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'Alcohol drinks should display calorie count', urges RSPH

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Drinks companies should label their alcoholic products to show the number of calories they contain as part of a bid to tackle obesity, according to a health organisation.

Irresponsible drinking is causing an obesity epidemic and threatening public health, the Royal Society for Public Health (RSPH) has warned.

The majority of the 2,117 UK adults they asked in a poll this month either did not know or underestimated the number of calories in a glass of wine and a pint of lager.

Of the adults across Britain who drink, nearly 10% of their daily calories come from alcohol, the RSPH said, adding that labels would help people to make “informed choices” before they buy.

“Nutritional information including calorie content should be extended to alcoholic beverages”


In a paper on the “invisible” calories in alcohol, the organisation called for calorie counts to be included alongside the number of units, daily guidelines advice and pregnancy warnings, which drinks companies agreed to include on their packaging as part of a deal with the government in 2011.

The paper said: “RSPH believes that given alcohol provides approximately 10% of energy intake for adults who drink, public confusion about the calories contained within alcoholic drinks, and the use by consumers of calorie labelling on food products to make informed choices, nutritional information including calorie content should be extended to alcoholic beverages.”

The RSPH has urged the labelling change to be brought in throughout the EU.

More research into the relationship between drinking and weight is needed, it said, to look at the potential effectiveness of using labels which show calorie counts to reduce the amount of alcohol people consume.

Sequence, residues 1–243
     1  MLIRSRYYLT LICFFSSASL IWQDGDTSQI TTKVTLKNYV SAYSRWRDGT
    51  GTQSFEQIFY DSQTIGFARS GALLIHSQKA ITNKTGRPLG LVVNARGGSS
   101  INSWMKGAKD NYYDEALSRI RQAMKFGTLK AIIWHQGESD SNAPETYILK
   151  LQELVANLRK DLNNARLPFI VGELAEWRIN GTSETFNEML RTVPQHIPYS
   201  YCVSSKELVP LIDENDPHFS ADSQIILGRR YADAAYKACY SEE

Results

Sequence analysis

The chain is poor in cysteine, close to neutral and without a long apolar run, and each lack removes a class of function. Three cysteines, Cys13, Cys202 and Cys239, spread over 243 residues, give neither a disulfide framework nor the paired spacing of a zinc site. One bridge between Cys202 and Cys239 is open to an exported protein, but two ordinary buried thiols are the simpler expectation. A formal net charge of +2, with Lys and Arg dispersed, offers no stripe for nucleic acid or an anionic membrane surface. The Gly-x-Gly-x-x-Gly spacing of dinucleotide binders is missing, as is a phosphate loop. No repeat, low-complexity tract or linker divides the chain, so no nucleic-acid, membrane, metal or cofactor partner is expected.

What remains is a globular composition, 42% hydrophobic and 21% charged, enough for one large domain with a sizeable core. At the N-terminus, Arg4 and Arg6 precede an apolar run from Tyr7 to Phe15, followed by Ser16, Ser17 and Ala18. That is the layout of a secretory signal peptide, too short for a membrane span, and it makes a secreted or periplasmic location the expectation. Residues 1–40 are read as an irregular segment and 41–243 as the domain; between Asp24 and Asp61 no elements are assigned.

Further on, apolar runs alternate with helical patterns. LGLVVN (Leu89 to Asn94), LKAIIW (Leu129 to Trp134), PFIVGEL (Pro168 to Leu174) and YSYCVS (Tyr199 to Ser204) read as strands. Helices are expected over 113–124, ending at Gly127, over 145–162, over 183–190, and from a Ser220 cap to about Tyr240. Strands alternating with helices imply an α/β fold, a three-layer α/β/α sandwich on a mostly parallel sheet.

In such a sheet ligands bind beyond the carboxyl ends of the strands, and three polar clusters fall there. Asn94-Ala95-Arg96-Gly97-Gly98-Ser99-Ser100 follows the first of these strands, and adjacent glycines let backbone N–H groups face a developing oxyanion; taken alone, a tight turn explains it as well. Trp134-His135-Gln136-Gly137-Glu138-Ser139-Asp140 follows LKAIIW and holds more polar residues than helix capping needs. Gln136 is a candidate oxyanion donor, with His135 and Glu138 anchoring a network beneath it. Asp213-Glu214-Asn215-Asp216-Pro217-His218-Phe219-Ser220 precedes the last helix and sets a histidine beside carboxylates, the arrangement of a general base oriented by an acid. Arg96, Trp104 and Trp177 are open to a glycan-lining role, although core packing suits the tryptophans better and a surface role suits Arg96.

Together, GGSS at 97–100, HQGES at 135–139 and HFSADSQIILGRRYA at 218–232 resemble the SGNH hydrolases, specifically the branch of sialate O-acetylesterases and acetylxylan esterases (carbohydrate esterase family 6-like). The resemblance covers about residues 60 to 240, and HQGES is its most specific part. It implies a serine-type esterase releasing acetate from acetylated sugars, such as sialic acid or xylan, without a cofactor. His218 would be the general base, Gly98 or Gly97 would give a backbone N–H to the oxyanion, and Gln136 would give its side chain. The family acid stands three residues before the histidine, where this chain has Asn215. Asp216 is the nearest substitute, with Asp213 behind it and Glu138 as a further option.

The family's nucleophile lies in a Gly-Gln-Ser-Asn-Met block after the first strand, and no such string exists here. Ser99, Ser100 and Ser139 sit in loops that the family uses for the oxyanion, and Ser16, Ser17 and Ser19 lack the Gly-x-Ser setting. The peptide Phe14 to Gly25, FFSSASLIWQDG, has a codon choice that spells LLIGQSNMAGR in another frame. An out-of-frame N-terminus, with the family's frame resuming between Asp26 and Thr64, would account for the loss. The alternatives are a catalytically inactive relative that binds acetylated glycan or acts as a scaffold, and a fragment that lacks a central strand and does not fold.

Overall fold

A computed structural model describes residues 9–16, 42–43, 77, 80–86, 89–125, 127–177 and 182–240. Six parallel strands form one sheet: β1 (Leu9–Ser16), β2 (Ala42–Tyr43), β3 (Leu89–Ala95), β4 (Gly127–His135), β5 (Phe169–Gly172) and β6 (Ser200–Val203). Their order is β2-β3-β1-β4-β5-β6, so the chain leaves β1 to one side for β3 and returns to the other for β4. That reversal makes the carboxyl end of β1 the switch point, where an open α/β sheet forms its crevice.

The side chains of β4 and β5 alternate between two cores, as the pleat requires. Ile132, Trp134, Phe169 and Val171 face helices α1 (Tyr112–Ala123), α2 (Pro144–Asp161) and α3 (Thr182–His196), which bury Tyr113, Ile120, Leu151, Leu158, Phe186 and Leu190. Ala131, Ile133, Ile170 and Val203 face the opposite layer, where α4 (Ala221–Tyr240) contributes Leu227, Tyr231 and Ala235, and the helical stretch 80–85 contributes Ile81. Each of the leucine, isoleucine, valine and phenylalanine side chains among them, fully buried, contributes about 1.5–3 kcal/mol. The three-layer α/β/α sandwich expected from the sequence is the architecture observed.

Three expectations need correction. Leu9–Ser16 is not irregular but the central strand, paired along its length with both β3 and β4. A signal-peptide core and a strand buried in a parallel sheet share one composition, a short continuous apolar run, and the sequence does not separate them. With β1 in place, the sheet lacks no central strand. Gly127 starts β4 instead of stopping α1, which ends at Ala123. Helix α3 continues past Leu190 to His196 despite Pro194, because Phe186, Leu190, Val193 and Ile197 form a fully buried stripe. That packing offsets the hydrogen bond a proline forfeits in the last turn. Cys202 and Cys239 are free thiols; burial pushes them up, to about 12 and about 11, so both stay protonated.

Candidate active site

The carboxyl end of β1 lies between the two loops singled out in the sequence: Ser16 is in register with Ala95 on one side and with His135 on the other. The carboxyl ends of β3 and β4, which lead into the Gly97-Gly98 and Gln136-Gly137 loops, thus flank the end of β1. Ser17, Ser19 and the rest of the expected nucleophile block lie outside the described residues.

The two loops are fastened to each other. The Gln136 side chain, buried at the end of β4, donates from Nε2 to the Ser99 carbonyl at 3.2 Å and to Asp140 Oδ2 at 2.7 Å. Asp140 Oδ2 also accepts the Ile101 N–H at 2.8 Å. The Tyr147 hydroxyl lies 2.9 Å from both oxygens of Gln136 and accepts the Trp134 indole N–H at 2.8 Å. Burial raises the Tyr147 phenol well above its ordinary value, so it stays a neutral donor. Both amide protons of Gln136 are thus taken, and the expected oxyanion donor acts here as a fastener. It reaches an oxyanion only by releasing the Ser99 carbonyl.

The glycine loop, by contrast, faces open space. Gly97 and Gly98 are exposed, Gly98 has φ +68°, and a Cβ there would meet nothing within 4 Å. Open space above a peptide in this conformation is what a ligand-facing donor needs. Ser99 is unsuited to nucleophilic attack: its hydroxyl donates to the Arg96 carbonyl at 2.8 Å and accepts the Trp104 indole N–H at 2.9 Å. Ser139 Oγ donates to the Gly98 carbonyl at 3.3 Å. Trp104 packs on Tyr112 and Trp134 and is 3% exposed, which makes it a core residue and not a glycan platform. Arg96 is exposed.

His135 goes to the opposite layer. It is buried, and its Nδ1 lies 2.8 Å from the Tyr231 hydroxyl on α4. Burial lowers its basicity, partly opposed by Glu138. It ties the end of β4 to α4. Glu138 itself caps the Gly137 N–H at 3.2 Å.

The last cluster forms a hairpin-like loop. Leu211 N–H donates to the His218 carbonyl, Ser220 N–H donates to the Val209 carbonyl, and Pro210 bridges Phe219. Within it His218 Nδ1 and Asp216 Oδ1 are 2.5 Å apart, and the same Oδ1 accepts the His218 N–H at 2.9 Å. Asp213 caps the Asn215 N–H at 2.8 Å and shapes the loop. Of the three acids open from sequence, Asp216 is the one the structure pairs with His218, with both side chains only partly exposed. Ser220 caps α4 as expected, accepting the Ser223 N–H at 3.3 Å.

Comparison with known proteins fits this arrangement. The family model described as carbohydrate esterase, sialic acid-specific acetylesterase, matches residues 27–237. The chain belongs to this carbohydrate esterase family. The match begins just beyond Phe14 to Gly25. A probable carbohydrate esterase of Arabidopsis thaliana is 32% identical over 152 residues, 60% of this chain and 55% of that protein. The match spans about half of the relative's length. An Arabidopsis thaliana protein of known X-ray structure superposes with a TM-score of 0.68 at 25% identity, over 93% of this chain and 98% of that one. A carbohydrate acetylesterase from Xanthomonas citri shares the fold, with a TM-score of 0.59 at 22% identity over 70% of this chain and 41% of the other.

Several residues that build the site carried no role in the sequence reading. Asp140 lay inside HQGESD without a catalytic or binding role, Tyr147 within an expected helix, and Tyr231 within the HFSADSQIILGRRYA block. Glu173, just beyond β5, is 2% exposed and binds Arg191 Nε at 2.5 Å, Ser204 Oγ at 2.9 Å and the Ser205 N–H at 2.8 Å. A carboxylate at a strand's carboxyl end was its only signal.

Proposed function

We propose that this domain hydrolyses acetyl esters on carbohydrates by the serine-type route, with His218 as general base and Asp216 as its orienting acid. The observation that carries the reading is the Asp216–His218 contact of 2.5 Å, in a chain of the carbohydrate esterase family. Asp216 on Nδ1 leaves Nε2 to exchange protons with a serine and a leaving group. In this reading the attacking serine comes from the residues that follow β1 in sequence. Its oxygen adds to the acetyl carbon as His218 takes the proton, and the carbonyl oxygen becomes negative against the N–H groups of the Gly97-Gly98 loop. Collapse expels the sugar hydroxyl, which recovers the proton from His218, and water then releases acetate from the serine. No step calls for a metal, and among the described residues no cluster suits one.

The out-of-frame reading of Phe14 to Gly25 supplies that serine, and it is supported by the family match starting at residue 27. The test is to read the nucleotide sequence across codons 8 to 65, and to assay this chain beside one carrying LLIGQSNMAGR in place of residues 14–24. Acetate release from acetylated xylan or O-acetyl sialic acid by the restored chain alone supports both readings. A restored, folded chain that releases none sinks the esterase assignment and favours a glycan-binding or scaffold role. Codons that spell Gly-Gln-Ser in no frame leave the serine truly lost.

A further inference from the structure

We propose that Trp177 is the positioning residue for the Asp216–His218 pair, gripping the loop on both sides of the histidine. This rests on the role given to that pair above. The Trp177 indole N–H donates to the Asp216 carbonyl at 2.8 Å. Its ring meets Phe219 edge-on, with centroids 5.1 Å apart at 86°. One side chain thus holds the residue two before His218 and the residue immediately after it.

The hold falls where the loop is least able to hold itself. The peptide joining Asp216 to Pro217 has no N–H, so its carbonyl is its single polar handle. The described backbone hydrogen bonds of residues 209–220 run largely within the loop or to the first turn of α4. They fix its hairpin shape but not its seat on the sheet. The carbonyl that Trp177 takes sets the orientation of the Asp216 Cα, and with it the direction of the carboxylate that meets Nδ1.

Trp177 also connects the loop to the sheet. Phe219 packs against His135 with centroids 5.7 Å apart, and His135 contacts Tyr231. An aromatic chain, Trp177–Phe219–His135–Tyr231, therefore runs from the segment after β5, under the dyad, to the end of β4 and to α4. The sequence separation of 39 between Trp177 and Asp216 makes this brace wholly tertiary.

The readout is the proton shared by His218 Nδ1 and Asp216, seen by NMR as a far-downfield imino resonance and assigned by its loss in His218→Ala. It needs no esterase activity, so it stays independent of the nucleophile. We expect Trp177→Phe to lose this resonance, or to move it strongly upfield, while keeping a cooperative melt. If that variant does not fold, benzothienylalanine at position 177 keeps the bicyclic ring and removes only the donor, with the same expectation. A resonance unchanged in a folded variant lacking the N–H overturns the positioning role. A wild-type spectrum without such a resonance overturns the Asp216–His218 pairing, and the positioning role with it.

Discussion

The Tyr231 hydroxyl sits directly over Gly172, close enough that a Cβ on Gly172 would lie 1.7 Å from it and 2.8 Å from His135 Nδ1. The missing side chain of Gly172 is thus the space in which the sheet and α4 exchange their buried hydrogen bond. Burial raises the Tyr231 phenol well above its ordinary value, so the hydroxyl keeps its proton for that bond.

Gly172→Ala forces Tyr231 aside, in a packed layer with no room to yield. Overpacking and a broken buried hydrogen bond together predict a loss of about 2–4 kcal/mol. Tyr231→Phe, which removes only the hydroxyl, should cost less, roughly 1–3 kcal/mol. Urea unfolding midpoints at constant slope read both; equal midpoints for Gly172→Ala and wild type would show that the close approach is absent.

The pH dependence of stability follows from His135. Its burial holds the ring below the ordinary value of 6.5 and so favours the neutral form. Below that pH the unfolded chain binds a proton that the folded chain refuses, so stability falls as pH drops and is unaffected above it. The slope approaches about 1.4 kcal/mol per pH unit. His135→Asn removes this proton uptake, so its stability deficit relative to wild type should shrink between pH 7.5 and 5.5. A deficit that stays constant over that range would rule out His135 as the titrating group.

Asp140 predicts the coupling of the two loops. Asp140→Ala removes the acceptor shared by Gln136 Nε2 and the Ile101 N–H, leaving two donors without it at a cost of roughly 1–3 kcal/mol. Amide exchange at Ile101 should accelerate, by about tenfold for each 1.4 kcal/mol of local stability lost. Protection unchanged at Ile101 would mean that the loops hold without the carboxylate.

“80% of adults have no idea what the calorie count is in anything they’re drinking”

Shirley Cramer

RSPH chief executive Shirley Cramer told the BBC the poll findings were “quite startling”.

She said: “80% of adults have no idea what the calorie count is in anything they’re drinking and if they do think they have an idea they totally underestimate it anyway.

“It (calories on labels) could help the nation’s waistlines as well as probably reduce alcohol consumption.”

Royal Society for Public Health

Shirley Cramer

Alison Tedstone, chief nutritionist at Public Health England, told BBC Breakfast: “Calorie labelling is a great idea and we know it does help some people improve their calorie intake, but for others of us, we don’t notice it, so calorie labelling is one of a number of things that can be helpful.

“Alcohol itself is quite calorific, it is almost as calorific as fat, which people don’t realise,” she said. “Sometimes you think of drinks as not being part of your calorie intake when in fact they are. There isn’t anything low calorie about alcohol at all.

“If you think, if you have a couple of glasses of wine with a meal that’s like having an extra course,” she added.

“If you have a couple of glasses of wine with a meal that’s like having an extra course”

Alison Tedstone

The Portman Group, which represents alcohol producers, said a decision on labelling would rest with the EU and could take years to complete.

A spokeswoman said: “Drinks producers in the UK have already proved they can deliver health information on labels faster and more effectively though voluntary action in partnership with government.

Public Health England

Alison Tedstone

“The industry takes all health-related issues regarding alcohol very seriously and actively promotes and funds Drinkaware, which provides calorie information for consumers through apps and on its website,” she said.

“Drinks producers can play a key role in informing and educating consumers and are open to further discussions about calorie information. However, it is essential that alcohol content, not calorie content, should primarily inform consumer decision-making,” she added.

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Readers' comments (1)

  • I think it's a good idea, it is almost impossible to work it out especially for a drink that is even mildly worth drinking and is not run of the mill.

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